With all due respect I am at a loss as to how it is you can argue like that. This is the same kind of illegitimate inference drawing of which the Reformed are often accused by Lutherans and others.

    Like

  26. infanttheology says:

    TUAD,

    Well, we are both asserting, without doing any exegesis or explanation. The reason for that on my part is lack of time, combined with the general conviction that these passages are pretty clear.

    Andrew,

    Again, I am not saying that they have any ability to produce faith and I find it frustrating that you do not seem willing to accept that this is what I believe down to the core of my being. And again, insofar as Jesus distinguishes between adults and children (even infants), I simply need to cling to this without speculating about ages of accountability. The fact of the matter is that we always, at the very least from our baptism onwards, need to have faith in Christ.

    +Nathan

    Like

  27. truthunites says:

    Nathan Rinne: “you do not seem willing to accept that this is what I believe down to the core of my being.”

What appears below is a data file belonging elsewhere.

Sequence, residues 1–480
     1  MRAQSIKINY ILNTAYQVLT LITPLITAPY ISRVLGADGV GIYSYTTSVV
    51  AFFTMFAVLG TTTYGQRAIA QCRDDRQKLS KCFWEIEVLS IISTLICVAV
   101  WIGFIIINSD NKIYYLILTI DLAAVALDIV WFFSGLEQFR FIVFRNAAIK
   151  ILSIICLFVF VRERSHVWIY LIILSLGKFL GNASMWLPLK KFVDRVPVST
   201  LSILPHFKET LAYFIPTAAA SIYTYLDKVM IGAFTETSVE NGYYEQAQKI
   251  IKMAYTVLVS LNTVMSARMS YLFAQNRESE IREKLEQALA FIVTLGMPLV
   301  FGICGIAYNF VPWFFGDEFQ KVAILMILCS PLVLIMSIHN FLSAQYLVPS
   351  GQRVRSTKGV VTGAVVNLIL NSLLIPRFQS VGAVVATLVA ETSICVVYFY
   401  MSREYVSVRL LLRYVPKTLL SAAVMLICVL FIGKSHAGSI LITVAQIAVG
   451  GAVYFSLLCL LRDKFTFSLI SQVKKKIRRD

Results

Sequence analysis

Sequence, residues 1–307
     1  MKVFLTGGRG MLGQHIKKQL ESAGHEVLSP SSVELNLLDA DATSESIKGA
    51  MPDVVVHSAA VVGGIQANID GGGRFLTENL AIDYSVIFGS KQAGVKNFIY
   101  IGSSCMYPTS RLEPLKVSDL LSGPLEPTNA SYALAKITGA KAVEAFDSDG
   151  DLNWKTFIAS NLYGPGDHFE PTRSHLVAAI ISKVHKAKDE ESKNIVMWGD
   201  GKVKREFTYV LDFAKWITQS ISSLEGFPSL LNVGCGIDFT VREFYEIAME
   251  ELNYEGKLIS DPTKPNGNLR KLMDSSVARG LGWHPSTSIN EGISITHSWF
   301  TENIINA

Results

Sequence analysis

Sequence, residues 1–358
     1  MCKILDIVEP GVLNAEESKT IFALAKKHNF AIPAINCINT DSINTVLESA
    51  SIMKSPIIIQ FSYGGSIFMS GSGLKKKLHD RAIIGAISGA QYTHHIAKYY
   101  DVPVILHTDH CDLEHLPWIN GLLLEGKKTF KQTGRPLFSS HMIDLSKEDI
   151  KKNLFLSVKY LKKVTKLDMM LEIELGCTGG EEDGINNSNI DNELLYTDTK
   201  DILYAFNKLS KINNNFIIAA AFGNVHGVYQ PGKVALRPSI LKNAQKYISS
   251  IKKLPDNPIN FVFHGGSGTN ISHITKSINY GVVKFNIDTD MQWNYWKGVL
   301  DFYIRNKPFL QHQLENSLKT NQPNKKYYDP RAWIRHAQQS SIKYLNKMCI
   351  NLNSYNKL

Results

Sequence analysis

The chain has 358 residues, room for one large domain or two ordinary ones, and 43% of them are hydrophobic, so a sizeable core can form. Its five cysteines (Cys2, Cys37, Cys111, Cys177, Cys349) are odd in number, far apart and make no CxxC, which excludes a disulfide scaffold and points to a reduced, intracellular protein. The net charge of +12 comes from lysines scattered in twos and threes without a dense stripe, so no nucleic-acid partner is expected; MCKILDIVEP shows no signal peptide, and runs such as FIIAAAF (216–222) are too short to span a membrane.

I’m willing to accept that there’s unhelpful irrational emotionalism at the core of your being on this issue of infant baptism.

    Here’s a post that was published after Andrew published this one. It’s titled: Against Infant Baptism and it’s reasonably argued and cogent, devoid of unhelpful emotionalism.

    “I had an aunt whose grandson died as a teenager. Later she told me, “Johnny was baptized and confirmed in the [family] church; he’s in heaven and that’s that.” Now, I never met Johnny. I can’t speak to his eternal state. But surely even the most ardent advocate of infant baptism will agree that my aunt’s comment represents a serious problem. We know from experience that some good church kids turn out to be bad adults. Some never adopt the faith of their parents. Some become heinous criminals.